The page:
Go on a walk in your local area. Sketch plants and flowers you observe on your journey. Using these drawings create a circular design which could be appropriate for a ceramic object. Using watercolour paint your design in your favourite colour.

Water jar (mizusashi), with foreigner and ostrich, Ogata Ihachi (Kyoto Kenzan II)

By the end of the seventeenth century, Japanese porcelain production had shifted from Arita to Kyoto. The ceramics of the artist Ogata Kenzan took on a more fluid painterly appearance than had been evident on ceramics previously. Although some of Kenzan’s designs were inspired by Delft ware, it was not until his adopted son, Kenzan II, took charge of production after 1731, and Japanese trade restrictions were loosened, that the Kenzan Delft style became the major focus of the ceramics workshop.

This water jug, attributed to Kyoto Kenzan II, is typical of the ceramicist’s Delft-inspired works of cylindrical jars and square dishes. Used in tea ceremonies, these covered jars held fresh water for refilling the kettle. The unusual choice of illustration on this jar fits with European influence and Japanese interests at the time.The figure’s costume appears European in style, apart from the shoes, or clogs, which could be Japanese; and the ostrich reflects Japanese fascination at the time with exotic creatures from other lands.

Ogata IHACHI (Kyoto Kenzan II), Japan, born active c.1720-60, Water jar (mizusashi) with foreigner and ostrich, Kyoto ware, c.1750, Kyoto, earthenware, white slip, underglaze decoration, lacquer and wood, 21.5 x 12.0 cm (diam.); Gift of Andrew and Hiroko Gwinnett through the Art Gallery of South Australia Foundation 2012, Art Gallery of South Australia, Adelaide.

Japan, Square flask in shape of Dutch bottle

The form of this Japanese-made Arita Ware porcelain bottle has a history shaped by trade and contact between different cultures. Its design is based on the Dutch green glass bottles.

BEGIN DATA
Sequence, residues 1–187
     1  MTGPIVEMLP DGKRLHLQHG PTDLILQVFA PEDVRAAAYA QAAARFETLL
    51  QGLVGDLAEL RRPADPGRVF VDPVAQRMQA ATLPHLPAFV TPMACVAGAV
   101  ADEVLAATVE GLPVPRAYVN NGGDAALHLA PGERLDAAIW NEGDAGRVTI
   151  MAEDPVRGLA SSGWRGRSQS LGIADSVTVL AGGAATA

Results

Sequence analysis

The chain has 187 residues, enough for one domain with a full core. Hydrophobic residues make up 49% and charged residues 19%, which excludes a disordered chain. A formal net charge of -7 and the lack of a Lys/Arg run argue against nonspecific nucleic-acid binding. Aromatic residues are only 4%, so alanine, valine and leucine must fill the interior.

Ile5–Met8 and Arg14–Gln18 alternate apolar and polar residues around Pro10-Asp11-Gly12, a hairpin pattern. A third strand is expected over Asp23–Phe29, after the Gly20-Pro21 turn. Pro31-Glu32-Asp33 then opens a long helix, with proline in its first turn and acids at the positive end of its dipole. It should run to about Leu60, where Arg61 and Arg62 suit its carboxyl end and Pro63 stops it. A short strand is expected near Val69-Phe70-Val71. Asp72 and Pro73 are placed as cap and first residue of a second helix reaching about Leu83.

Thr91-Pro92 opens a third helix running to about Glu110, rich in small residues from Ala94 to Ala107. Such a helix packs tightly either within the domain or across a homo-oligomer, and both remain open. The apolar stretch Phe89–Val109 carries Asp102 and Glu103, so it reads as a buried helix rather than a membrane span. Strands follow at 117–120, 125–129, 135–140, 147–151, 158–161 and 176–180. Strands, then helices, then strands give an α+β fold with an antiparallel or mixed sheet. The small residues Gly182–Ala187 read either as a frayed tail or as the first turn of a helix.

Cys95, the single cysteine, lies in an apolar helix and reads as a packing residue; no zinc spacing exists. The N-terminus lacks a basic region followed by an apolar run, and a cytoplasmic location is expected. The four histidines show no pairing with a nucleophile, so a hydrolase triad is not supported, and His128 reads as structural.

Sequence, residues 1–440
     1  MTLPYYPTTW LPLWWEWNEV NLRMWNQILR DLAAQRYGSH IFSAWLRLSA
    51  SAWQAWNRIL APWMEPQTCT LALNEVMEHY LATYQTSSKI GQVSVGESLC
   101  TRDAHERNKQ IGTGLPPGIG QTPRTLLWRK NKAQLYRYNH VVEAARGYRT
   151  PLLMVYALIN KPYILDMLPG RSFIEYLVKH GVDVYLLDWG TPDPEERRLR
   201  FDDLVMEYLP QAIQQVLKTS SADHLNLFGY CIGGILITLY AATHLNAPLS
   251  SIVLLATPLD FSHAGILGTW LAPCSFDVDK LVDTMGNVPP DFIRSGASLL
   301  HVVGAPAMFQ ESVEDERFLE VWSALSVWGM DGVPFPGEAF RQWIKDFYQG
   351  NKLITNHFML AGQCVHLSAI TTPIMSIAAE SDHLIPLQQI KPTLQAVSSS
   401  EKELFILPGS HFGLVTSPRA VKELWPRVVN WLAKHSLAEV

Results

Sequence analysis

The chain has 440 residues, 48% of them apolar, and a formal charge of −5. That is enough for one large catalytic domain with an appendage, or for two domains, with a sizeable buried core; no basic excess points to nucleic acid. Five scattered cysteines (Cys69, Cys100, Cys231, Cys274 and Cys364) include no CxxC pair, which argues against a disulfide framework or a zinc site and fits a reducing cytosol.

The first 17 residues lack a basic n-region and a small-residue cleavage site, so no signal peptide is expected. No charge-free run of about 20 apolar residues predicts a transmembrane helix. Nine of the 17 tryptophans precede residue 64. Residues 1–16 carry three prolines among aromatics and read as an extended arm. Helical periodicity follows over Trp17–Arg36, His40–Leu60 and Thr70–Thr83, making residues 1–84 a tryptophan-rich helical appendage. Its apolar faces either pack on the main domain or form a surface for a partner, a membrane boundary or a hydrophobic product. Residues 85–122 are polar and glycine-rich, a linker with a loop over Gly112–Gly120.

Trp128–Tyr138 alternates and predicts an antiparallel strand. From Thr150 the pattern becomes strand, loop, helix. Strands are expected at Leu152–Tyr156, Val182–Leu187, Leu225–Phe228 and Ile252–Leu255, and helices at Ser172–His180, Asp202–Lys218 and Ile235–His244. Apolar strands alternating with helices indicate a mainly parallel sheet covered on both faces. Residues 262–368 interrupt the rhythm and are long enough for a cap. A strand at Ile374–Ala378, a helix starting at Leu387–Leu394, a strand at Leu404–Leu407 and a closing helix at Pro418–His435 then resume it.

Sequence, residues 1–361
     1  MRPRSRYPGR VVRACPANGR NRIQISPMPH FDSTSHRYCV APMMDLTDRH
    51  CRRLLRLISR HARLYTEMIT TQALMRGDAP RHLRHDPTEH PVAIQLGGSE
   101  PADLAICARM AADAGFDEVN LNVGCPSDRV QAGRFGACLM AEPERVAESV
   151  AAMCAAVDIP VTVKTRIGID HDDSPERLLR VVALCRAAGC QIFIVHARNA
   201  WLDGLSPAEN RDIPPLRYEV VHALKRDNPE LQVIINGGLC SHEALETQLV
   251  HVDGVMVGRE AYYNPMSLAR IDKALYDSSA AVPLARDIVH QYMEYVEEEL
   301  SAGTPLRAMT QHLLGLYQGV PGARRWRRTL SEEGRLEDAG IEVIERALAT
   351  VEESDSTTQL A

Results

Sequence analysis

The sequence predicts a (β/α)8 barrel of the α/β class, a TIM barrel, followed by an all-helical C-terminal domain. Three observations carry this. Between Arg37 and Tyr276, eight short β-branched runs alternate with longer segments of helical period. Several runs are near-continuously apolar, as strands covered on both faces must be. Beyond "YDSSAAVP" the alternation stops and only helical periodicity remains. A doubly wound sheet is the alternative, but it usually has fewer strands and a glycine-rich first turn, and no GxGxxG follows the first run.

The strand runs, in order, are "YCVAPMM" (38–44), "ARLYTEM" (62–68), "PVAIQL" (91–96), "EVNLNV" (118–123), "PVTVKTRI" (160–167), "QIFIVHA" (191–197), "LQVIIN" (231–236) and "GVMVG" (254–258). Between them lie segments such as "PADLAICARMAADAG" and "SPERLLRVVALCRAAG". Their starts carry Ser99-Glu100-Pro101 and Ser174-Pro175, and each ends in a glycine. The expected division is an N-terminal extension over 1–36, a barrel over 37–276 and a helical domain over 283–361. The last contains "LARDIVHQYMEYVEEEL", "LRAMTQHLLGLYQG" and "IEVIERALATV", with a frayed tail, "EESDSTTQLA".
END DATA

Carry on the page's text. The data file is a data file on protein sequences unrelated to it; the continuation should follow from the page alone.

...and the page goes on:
The green glass bottle with four flat sides was a Dutch innovation, designed to enable easy packing on ships making long sea journeys.These bottles held liquids such as oil and alcohol, and later particularly gin. In the seventeenth century Arita, Japan, became a centre for the production of Japanese blue and white ceramics. Ceramic items were made to order, and this square, four-sided bottle would most likely have been commissioned by Dutch traders to imitate the shape of the traditional green glass bottle.

The jar-like flask with square sides is elegant in its form, and decorated with a blue underglazed design incorporating flowering plants on the sides, and a floral pattern on the shoulders.

Japan, Arita, Square flask, in the shape of a Dutch bottle, late 17th century, Arita, Saga Prefecture, porcelain, underglaze blue decoration, 23.3 x 10.3 cm; Gift of M.J.M. Carter AO Collection in memory of Dr. Brian Crisp AM (1924-2012) through the Art Gallery of South Australia Foundation 2015, Art Gallery of South Australia, Adelaide.

The water jar was used in a tea ceremony. Why do you think it has a lid?  

The person who is pictured on this jar wears European style clothes. Find some images of outfits Portuguese men would have worn around 1750, and compare them to the figure on the jar. What do you notice?

Identify both Japanese and Dutch inspired design elements and design principles on this water jar.